There is a genuine opportunity here to provide a better service for Irish business and households and fix many of the problems inherent in the water sector. It may have been chosen for expediency, but the model is a recipe for inefficiency and we could all end up paying for it.
Talk of capital bubble is way off the mark
THE gap is widening between house prices in Dublin and the rest of the country, the latest figures show. Some think this is a new bubble in the capital, others think it is wonderful news of a re-invigorated property market.
It is neither.
The number of houses changing hands in Dublin remains quite small. It would only be a bubble if it were financed through excessive borrowing. If more houses come on the market in Dublin in 2014, the rate of house price growth will probably slow.
If you exclude the Dublin phenomenon, house prices in general are doing exactly what they should be doing -- stabilising, bumping along the bottom, with gradually more of them changing hands in some areas.
We should hope to see more houses being bought and sold -- and stop obsessing about the prices.
Forget the Trojans, motivate civil slackers
PUBLIC Expenditure and Reform Minister Brendan Howlin couldn't have chosen a worse time to talk about bonuses for civil servants.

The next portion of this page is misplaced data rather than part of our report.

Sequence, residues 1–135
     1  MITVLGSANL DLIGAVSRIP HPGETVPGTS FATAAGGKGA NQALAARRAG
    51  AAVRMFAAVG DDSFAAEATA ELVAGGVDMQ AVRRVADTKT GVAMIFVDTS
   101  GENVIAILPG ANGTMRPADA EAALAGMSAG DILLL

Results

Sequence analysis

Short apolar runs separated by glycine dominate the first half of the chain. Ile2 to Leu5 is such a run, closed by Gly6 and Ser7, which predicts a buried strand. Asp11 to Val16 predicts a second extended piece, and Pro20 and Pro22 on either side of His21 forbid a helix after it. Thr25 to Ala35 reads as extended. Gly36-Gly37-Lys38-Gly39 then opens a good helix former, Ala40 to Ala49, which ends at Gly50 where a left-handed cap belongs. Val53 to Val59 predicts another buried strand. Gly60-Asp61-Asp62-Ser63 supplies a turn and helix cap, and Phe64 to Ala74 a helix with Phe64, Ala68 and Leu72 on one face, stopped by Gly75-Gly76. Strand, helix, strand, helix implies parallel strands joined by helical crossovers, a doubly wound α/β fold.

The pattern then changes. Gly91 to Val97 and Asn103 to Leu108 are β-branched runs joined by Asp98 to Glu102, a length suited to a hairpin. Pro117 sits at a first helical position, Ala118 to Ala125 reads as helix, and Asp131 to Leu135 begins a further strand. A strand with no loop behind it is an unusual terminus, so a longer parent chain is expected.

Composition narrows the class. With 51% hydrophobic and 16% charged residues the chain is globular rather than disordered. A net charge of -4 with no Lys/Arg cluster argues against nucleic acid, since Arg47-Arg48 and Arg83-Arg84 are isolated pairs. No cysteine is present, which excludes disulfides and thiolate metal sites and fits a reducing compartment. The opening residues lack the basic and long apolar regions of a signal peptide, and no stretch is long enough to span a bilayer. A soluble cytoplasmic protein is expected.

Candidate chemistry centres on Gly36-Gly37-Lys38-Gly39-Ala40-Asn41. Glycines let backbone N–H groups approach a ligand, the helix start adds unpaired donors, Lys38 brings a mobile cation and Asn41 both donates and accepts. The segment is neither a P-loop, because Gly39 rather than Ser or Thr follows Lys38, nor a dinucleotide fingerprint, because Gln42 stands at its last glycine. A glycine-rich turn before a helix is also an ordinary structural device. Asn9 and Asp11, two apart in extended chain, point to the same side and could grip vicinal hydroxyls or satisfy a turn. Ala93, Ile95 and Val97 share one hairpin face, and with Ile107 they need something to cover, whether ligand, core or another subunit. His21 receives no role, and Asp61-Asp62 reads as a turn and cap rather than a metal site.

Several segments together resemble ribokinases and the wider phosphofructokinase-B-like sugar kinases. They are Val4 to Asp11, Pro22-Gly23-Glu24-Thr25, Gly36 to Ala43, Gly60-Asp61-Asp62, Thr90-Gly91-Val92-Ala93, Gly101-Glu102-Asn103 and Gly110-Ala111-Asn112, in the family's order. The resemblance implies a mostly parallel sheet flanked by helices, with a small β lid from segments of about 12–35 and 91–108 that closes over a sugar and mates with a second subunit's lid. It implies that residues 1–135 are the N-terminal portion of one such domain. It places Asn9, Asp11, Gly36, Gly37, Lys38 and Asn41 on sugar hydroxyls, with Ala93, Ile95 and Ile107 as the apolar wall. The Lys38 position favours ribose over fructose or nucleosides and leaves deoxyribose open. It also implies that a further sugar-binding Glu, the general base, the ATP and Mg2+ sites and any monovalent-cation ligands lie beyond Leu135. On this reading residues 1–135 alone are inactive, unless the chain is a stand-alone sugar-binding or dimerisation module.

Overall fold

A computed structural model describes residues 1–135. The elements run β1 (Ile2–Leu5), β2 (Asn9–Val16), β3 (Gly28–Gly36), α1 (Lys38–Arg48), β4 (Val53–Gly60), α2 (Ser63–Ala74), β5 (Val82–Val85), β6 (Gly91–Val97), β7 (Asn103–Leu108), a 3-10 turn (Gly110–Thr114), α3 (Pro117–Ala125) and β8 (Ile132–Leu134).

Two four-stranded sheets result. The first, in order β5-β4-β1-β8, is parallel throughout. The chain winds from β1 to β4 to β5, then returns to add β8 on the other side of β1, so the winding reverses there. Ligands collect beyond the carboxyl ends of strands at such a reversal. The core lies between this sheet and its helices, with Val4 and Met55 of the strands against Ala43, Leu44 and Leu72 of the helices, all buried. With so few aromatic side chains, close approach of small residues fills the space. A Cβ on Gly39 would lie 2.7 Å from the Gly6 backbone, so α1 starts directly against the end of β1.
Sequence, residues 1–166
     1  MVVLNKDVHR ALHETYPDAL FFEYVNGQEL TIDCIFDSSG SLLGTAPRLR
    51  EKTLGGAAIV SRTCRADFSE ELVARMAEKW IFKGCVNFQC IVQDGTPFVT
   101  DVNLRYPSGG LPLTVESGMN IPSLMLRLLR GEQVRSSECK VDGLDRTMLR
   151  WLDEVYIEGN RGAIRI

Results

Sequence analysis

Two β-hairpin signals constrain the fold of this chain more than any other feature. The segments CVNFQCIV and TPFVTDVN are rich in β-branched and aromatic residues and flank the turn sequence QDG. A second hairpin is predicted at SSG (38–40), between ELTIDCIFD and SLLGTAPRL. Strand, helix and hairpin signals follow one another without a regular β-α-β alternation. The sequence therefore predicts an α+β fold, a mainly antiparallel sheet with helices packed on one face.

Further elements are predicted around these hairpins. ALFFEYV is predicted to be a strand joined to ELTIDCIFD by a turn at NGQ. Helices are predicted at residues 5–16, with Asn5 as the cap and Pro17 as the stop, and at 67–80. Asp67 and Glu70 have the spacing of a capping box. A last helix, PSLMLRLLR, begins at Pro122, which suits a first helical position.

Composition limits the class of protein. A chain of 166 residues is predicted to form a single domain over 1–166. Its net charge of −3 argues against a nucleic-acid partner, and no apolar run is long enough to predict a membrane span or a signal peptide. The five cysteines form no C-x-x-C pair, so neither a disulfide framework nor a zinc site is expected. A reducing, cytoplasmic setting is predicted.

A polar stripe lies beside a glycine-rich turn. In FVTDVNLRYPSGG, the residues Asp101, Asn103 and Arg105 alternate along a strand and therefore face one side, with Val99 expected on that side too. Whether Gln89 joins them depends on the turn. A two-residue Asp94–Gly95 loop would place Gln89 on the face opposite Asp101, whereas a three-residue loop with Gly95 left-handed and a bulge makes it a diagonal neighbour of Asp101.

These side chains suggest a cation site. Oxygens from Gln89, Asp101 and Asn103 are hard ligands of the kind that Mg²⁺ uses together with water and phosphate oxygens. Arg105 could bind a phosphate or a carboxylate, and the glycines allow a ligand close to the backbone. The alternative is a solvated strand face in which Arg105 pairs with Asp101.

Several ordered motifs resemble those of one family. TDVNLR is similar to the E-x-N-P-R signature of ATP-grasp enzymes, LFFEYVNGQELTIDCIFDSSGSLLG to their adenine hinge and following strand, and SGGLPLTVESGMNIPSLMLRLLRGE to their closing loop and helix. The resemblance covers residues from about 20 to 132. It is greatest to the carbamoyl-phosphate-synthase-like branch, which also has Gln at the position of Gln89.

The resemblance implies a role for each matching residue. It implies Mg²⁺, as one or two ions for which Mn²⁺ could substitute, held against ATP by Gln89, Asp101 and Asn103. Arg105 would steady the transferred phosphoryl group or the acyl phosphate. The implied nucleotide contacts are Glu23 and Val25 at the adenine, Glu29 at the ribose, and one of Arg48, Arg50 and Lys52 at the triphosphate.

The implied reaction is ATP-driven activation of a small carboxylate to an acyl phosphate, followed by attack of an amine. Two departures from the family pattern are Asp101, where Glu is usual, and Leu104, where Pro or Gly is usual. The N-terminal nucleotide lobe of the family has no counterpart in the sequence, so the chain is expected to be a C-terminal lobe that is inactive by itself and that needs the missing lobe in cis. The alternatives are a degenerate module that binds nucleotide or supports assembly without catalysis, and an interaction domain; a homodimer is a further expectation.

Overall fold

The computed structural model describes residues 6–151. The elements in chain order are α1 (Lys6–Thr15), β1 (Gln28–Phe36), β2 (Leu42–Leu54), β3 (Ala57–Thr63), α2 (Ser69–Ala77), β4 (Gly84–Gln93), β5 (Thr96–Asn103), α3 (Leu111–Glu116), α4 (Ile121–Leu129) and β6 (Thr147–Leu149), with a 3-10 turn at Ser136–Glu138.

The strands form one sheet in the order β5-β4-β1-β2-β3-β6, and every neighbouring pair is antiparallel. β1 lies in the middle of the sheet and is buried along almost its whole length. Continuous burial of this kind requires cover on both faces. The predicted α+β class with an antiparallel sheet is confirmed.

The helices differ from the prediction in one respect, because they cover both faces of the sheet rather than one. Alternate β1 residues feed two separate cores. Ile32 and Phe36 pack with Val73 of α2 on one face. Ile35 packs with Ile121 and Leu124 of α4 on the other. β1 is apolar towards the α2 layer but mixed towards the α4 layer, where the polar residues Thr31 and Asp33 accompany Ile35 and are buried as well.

He may have a point about some people having to do "Trojan" work -- but surely the best way to deal with that is to tackle those who aren't doing enough?
Howlin did also talk about punishing the poor performance of those in the civil service who are not pulling their weight, but as ever, the problem is who decides.
The old civil service bonus system was deemed a failure after a 2012 review found the performance of only 0.08 per cent of those eligible to be "unacceptable" and a miniscule 0.84 per cent were found to be in need of improvement.
While the bonuses are supposedly designed to reward extraordinary performance, all but four people who applied for bonuses between 2002 and 2007 received them.
Typical awards under the old scheme were of similar size, suggesting that not only had everybody exceeded expectations in their performance, but they exceeded them to roughly the same degree.
Why pay bonuses when there is no evidence of a mass exodus from the civil service to private enterprise? If anything, more people are moving in the opposite direction.
What business -- that is broke -- would look to reward the better performers with more money, as a priority, instead of focusing exclusively on those who are not putting their shoulder to the wheel?